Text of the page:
(4) A paper by Michael J. Berridge, rejected in 1983 by Nature, ranks at number 275 in a list of the most-cited papers of all time. It has been cited more than 1,900 times.4

No competing interests declared.

RE: RE: RE: Notification from PLOS Staff

rubenaizprua replied to Otangelo on 04 Mar 2016 at 13:30 GMT

Well done!

No competing interests declared.

RE: Notification from PLOS Staff

AdamHR replied to PLOS_ONE_Group on 03 Mar 2016 at 00:54 GMT

I have published in PLOS ONE and continue to defend the journal despite repeated claims by my colleagues that the editorial standards are inconsistent or worse. This article proves that there is something SERIOUSLY wrong with the journal. If the paper isn't retracted, my students, collaborators and I will have no choice but to refrain from submitting to this once respectable journal. I'm embarrassed for you and embarrassed that some of my proudest papers are in your journal.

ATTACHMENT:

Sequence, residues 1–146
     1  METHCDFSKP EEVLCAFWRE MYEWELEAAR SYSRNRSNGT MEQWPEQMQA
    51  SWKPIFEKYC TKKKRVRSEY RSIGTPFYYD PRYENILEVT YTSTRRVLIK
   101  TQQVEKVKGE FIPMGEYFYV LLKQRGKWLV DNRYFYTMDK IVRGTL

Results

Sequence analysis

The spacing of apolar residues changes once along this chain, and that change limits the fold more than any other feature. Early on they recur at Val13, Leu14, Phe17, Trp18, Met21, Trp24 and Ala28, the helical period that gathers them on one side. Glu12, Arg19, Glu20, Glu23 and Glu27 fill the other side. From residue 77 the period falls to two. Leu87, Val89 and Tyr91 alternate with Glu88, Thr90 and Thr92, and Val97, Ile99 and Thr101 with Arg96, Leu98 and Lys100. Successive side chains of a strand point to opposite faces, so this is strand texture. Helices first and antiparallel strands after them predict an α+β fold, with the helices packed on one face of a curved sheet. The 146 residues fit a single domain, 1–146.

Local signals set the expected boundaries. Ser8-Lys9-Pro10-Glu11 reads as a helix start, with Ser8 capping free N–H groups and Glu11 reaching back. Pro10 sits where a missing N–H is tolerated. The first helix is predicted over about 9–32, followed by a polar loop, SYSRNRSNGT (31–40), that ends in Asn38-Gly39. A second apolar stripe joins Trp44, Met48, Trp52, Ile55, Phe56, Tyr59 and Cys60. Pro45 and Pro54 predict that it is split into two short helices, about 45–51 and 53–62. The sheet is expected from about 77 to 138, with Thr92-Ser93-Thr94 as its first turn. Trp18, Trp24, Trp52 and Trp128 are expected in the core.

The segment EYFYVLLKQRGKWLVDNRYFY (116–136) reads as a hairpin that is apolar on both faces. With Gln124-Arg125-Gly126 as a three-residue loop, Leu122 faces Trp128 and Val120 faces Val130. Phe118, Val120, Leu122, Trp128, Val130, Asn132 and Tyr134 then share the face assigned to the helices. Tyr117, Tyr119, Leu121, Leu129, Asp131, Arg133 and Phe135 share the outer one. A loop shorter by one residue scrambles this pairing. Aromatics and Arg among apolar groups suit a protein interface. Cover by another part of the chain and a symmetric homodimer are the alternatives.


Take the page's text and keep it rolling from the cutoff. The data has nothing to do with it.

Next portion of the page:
Fix this problem immediately and get your act together. Clearly this is a turning point. Either things get better or the journal is falling down the same whole as all of the for-profit online-only journals that everyone holds in such low regard. Frankly, the absurdly short initial response is telling - perhaps you don't understand how truly serious this violation is! This requires a ballistic reaction, not a considered "looking into" the problem!

No competing interests declared.

RE: RE: Notification from PLOS Staff

enrico_petretto replied to AdamHR on 03 Mar 2016 at 01:13 GMT

This is outrageous. If PLOS ONE does not do something about it, i.e., ask the authors to retract the paper, and in any case, if the paper isn't retracted, my students, collaborators and I will have no choice but to refrain from considering (i..e, reading, reviewing and citing) papers published in PLOS ONE.